Ray Gora / Lincoln Times-News
Kaitlyn Parker, a second grader at Union Elementary School in Vale, thought her favorite uncle would be returning home from Kuwait on Saturday. But much to her surprise, he popped out of a school closet Wednesday in front of her entire class.
Kevin Sigmon, who’s been overseas the last year building roads as part of the National Guard’s 505th Engineer Battalion in Gastonia, knew surprising his seven-year-old niece would be the highlight of her day, and probably her year.
The tiny, blond-haired girl immediately raced to Kevin and jumped into his arms, too excited to even scream. Instead, she smiled from ear-to-ear, flashing a grin that revealed her missing two front teeth.
Her parents, Jennifer and Brandon Parker, along with her grandma, Debbie Sigmon, were also on hand for the event.
The children, part of Kim Ward’s Title I reading class, earlier piled into the classroom with patriotic decorations and refreshments, thinking they were going to hear a talk from Kaitlyn’s father, a Cherryville police officer, on “stranger danger.”
After he told the students he instead had a surprise for them, the soldier, dressed in camouflage and combat boots, swung open a nearby closet door and entered the scene.
Kaitlyn had last spoken to her uncle on Sunday, asking when he was coming home “to the USA,” her mother said.
Since January, Ward said she and her class have been writing letters to the military man, and in return, he’s sent back pictures of the local people.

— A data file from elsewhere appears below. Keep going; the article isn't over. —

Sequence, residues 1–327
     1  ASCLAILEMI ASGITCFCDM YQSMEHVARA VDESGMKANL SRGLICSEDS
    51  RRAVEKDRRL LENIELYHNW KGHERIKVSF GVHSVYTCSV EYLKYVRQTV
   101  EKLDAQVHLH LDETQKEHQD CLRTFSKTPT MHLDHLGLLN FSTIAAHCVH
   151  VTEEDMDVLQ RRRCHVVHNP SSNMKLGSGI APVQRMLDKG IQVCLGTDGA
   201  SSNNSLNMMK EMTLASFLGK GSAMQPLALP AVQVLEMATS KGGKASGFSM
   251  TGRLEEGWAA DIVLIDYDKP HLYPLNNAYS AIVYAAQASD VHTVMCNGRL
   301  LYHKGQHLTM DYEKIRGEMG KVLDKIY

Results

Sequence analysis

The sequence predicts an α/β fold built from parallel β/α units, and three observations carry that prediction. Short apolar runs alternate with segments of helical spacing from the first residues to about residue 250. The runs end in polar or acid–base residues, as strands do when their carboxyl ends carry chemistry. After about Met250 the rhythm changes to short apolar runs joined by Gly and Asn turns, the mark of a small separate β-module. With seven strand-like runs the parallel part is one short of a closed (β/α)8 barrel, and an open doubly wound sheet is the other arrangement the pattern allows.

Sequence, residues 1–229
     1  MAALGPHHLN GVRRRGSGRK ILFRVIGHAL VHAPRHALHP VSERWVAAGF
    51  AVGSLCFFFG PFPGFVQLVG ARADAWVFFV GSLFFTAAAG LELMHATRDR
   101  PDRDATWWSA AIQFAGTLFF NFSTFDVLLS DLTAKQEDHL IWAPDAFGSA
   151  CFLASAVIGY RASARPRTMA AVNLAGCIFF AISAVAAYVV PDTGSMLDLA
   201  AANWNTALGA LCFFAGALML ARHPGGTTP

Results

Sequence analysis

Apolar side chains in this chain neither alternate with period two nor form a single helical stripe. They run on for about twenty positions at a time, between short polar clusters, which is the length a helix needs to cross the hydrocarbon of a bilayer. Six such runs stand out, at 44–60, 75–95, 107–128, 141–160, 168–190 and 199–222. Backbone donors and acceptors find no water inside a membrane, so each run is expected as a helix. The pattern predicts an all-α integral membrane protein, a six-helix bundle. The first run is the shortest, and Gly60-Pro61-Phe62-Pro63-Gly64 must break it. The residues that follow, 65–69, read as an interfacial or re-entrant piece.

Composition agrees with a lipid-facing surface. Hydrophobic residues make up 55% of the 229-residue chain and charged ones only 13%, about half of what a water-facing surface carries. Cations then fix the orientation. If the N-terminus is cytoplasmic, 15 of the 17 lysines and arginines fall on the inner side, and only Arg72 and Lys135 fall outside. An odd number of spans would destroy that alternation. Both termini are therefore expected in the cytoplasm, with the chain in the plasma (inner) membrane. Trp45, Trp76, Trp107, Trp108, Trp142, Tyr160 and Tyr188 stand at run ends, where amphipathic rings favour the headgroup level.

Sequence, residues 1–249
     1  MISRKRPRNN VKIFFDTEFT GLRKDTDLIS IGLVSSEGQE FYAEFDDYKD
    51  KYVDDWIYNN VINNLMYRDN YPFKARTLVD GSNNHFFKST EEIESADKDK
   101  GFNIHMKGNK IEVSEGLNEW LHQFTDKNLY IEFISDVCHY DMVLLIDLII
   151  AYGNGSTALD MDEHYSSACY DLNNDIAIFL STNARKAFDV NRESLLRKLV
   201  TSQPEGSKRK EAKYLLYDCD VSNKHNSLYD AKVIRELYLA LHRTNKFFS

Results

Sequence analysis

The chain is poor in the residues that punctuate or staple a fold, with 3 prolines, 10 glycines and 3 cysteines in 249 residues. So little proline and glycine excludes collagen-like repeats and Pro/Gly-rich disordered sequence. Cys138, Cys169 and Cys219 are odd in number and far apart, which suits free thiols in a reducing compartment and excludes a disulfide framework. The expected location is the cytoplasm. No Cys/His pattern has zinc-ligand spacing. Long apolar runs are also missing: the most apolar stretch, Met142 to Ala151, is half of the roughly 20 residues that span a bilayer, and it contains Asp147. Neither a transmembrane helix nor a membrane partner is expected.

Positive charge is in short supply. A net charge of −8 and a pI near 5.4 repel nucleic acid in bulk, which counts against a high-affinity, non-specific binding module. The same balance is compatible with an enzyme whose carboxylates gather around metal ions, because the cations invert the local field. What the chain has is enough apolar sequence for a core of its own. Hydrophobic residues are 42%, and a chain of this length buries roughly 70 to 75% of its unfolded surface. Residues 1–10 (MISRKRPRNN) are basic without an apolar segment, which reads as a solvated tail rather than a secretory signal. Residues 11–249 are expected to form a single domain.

“He’s been very gracious to us,” she said. “It’s been a great learning experience for the children and helped with their writing skills, too.”
A large paper banner that said, “Welcome Home, Capt. Sigmon,” hung on the classroom wall. The children decorated it with various colorful drawings and encouraging words.
Students also asked Kevin several questions they prepared for him. Questions included what kind of gun he carried, what his overseas job entailed, if his job was “fun” and what he missed most about America.
Kevin said he missed “all the green out there,” while pointing to a classroom window where students could see through to the outside grass and trees.
“There was a lot of sand and dust (overseas),” he said.
One student in particular, whose question produced chuckles from everyone in the room, asked if the soldier had to wear his long-sleeve uniform every day in the hot weather, and if he had ever washed it throughout his 11 years in the Army.
Kevin, a Lincolnton native and Lincolnton High School graduate, will only be in town a few days before heading back to his residence in Raleigh. However, he has no doubt that Kaitlyn has already made plans for the two of them to hangout.
“We’ll go to the movies,” she said smiling.
Kevin also served in Iraq from 2005 to 2006 and has no idea when he’ll have to pack his bags again.
“I’m glad to be home,” he said.